Thursday, 12 March 2020

Eleanor Lomax RIP - Why we need to wake up to the issue of teenage suicide

Sharp eyed readers will notice that I did not write a blog yesterday. The reason for this is that I was at the funeral of the youngest daughter of two of my best friends, Chris and Elaine Lomax. Their daughter Eleanor took her own life a couple of weeks ago, aged 19, following a battle with mental health issues. The last thing we saw from Eleanor was the sharing of a very disturbing Facebook post, which indicated a total lack of hope for the future. Sadly no one realised that this would be her farewell. She had not seemed distressed when she returned home from visiting friends, and had plans for the week to see friends.

We had last seen Chris and Elaine at New Year, they live in Yorkshire, so we'd had a few days outr with them and other friends to see in the new year. Eleanor couldn't join us as she was in a clinic undergoing treatment for mental health related issues. Chris and Elaine were really worried, as any parent would be. Sadly, there is such an epidemic of mental health related issues amongst teenagers, that I was not shocked or surprised at the news.  I've known Chris for well over 35 years, before Chris and Elaine had children, we'd travelled widely with them, going around Europe in my old camper van and across the North East of the USA. We'd watched their four children grow up, all lovely kids. Eleanor, the youngest was a quirky, beautiful girl who was always fun, She was the same age as my son, so our kids spent many a day playing together when they were younger. As  she got older, Eleanor and her Chris joined me with our HCPT group, taking disabled people to France. She was a very caring girl and great member of the group. When Chris's parents started to require more help, sadly they could no longer join us. I've not seen so much of Eleanor since.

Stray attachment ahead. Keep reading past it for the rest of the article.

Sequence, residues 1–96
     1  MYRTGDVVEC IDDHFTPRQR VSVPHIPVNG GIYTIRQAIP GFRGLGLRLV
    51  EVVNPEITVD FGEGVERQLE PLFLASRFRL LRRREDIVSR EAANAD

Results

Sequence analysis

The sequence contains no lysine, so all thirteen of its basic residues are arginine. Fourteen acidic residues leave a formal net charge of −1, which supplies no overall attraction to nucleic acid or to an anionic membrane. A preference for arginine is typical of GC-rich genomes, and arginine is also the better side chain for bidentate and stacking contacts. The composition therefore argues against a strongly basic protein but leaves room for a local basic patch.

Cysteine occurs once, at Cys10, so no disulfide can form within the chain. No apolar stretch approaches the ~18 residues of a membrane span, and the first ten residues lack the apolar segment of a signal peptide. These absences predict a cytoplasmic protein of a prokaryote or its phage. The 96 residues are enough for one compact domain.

Our families have a tradition of spending new year together, so that was where we'd catch up. Chris is a great guy. A natural comedian, who worked in both IT and nursing. Yesterday, when he gave a truly amazing eulogy, along with his eldest son Jason, who showed immense strength in speaking, this shone through. Chris managed somehow to sum up Eleanor in a way that was funny, accurate and heartbreaking. I can think of no one else who would have managed such a feat, in such circumstances. As a parent, this is perhaps the worst nightmare of all. We all want to see our children happy, healthy and thriving. For your daughter to commit suicide is the worst possible thing anyone could face. I am sure any parent would swap any amount of pain to change such an outcome, but sadly in the real world, that is not an option. As Eleanors small coffin entered the church, the true horror of what Chris and Elaine must be feeling hit me. The church in Penistone was packed to the rafters with friends, family and local well wishers. The vicar's daughter had been a school friend of Eleanor. One  of the jobs  for vicars is to preside over funerals and counsel those who are grieving, yet he acknowledged that even he could make no sense of the situation.